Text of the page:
The Foodie had been avoiding her first lobster roll since she first stepped on Maine turf.

"It's mayonnaise!" she cried. "Twill bubble over the fluffy roll and mask every delicate flavor!"

Time was running out, though. She is a senior, after all, and part of a Bowdoin education is trying new things. So, just as the Foodie had convinced herself to take Physics 061 way back when, she rustled up enough courage to order what had the potential to be a mayonnaisey mess.

She opted to try this Maine delicacy at Morse's Lobster Shack on Bath Road, a recently-opened branch of the Harpswell-based restaurant. Just as Morse's competition, Fat Boy Drive-In, doesn't seem to have changed since 1955, so has Morse's maintained the same fifties drive-in structure it inherited from Stick-to-Your-Ribs BBQ, the lot's former tenant. Morse's dining room, however, is not dingy yellow, like Fat Boy, but rather decorated in hues of red, green, and warm brown. There are tiny plastic lobsters hanging from the huge windows, wooden fish sculptures dressing the walls, and plump, wire fish sculptures looming over the tables. The Foodie felt as though she had entered her own personal fish tank.

The $8.95 price of the lobster roll was almost enough to prevent the Foodie from ordering it. But she decided to take the plunge. And though it ate up her budget, that roll rocked (yes, it did!).

Maybe all lobster rolls are this good, but even so, the Foodie advises all lobster lovers to run down to Morse's and order one, too. Do it before December 20, friends, when the place closes for the season. Otherwise, you'll have to wait until March.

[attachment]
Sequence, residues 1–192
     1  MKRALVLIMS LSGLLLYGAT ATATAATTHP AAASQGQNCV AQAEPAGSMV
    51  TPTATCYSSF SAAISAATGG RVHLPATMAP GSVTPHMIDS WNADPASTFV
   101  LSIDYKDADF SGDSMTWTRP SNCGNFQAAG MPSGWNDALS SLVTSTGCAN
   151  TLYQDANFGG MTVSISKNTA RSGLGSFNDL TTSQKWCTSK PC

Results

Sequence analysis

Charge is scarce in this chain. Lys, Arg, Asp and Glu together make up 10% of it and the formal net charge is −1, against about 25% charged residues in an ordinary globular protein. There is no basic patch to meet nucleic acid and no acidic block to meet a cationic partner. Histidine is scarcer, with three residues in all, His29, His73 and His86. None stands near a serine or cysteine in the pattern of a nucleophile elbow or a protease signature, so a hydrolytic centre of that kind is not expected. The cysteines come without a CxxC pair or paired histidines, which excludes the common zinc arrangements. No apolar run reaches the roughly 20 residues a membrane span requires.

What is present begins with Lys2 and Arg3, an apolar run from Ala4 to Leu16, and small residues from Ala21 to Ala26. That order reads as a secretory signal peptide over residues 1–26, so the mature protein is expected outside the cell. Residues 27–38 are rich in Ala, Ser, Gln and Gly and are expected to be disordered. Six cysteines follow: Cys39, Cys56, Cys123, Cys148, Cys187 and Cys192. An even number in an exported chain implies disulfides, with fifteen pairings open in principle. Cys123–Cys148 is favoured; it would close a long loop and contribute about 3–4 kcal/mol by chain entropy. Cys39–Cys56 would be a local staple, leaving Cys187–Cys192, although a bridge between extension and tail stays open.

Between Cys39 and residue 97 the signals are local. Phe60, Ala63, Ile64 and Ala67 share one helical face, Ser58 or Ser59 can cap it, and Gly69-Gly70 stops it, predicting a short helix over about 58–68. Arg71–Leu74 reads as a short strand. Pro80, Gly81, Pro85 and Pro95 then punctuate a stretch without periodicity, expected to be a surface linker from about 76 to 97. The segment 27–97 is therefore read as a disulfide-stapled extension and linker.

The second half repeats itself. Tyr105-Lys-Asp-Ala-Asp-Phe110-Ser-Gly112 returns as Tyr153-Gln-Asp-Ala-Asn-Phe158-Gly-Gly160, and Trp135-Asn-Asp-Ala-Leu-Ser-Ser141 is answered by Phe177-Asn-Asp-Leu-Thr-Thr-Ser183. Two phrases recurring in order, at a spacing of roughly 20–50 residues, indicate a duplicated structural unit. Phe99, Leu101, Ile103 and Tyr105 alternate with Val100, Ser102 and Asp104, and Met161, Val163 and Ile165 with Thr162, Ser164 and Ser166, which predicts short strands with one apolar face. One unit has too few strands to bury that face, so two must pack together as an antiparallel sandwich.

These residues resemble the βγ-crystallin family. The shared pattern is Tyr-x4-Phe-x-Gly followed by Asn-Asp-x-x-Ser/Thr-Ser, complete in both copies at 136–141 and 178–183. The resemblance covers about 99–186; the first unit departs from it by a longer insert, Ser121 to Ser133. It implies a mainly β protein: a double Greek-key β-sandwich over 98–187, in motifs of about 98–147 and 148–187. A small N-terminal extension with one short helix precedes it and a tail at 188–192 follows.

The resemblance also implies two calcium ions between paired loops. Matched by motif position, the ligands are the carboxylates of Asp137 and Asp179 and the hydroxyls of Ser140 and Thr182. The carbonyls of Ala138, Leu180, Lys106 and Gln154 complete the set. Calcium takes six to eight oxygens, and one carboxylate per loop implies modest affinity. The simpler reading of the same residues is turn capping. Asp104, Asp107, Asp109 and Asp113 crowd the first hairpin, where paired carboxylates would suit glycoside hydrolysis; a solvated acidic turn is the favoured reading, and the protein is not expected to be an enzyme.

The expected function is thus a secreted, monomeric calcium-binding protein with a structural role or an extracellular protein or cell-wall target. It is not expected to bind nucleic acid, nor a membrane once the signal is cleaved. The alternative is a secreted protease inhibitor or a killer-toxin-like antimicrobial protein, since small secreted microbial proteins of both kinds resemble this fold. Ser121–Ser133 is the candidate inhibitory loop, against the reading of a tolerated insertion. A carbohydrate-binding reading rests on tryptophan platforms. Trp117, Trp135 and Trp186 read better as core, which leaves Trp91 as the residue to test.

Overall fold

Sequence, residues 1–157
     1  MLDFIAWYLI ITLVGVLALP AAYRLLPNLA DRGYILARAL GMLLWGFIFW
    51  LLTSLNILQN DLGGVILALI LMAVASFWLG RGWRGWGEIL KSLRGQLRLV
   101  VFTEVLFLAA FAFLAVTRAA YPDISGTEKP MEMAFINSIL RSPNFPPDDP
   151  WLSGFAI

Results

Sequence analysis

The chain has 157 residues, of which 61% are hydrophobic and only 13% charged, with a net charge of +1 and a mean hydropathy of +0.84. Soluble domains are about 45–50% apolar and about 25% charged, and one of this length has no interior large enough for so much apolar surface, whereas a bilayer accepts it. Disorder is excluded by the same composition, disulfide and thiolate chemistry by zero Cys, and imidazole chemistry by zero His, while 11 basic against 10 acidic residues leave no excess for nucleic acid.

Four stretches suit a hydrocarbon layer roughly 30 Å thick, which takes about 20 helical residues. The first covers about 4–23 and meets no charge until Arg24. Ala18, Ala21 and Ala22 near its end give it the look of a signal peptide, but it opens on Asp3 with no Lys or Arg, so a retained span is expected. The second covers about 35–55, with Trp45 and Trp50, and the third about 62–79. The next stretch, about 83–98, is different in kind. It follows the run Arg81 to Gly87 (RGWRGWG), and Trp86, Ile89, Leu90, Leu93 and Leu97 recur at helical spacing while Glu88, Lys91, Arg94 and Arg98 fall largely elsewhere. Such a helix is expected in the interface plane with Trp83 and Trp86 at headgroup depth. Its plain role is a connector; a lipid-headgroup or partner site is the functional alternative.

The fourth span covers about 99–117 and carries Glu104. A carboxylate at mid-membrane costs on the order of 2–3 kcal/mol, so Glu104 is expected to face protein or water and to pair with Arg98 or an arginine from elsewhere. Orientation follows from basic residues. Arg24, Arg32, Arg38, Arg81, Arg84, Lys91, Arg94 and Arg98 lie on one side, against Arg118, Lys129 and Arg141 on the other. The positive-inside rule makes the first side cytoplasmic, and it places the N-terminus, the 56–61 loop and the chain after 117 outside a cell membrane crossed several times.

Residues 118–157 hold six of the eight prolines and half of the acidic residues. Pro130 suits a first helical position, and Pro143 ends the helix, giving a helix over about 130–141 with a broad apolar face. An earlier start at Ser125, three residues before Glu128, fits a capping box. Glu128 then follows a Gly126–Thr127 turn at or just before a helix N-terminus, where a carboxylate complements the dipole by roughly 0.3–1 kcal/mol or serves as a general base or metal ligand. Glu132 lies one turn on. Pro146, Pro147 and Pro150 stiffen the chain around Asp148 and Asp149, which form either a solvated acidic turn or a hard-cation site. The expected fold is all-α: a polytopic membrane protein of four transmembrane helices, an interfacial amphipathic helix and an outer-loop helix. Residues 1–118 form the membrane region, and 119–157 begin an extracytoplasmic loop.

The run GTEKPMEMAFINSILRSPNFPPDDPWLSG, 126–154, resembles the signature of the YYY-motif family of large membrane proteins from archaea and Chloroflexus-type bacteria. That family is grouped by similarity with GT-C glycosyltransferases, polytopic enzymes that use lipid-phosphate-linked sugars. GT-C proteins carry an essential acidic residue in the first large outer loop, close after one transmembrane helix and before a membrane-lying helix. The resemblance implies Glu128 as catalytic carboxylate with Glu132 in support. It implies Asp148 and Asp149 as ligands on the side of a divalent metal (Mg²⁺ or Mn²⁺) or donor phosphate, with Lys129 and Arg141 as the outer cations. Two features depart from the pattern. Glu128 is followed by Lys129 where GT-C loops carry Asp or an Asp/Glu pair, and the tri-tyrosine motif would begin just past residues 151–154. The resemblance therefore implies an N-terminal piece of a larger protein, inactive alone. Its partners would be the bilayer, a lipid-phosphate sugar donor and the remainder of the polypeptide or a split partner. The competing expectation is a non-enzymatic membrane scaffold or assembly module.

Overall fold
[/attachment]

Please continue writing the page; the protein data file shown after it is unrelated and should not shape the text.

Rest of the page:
The pink chunks of lobster flowed over the bun?even a fork was provided so the Foodie could politely dig into it bit by bit. But why have good table manners when you can sink your teeth into the first bite, spill chunks out onto the plate, and revel in copious amounts of meat? The mayonnaise was hardly detectable, just enough to bind the bits together.

The Foodie would have been satisfied with just that small bundle of chunks, but more pleasures awaited her. The onion rings that accompanied her lobster roll, for one, were the best she has ever tasted. So often, one bites into a soggy ring only to have a trail of sweaty onion slip from its crispy casing?defeating the very purpose of the dish! These rings, however, were light and crunchy, and each bite was distinct.

On another occasion, the Foodie found her hamburger to be thick and tender, the bun more hearty. Like other items on the menu, however, the burger is more expensive than its Fat Boy counterpart?you pay $7.50 for it, plus fries and coleslaw.

Morse's also offers a fried haddock sandwich, tuna and crabmeat rolls, fried clams, fish and chips, Caesar salads, and whoopee pies, among other items. The Foodie encourages diners to venture to Morse's?its décor might be its most appealing attraction! There's even a lipstick-red, wraparound vinyl couch at the back of the room, something that certainly wouldn't be found elsewhere, which the Foodie eyed with lust. Just imagine sinking your teeth into a juicy burger atop that fleshy, vinyl mound!

Our affections may lie with Fat Boy?after all, it's been around since 1955, and we like the grease, dammit! But the Foodie encourages all diners to reach beyond their comfort zones. The virtually mayo-free lobster roll, crunchy onion rings, and friendly, fast service will be worth it!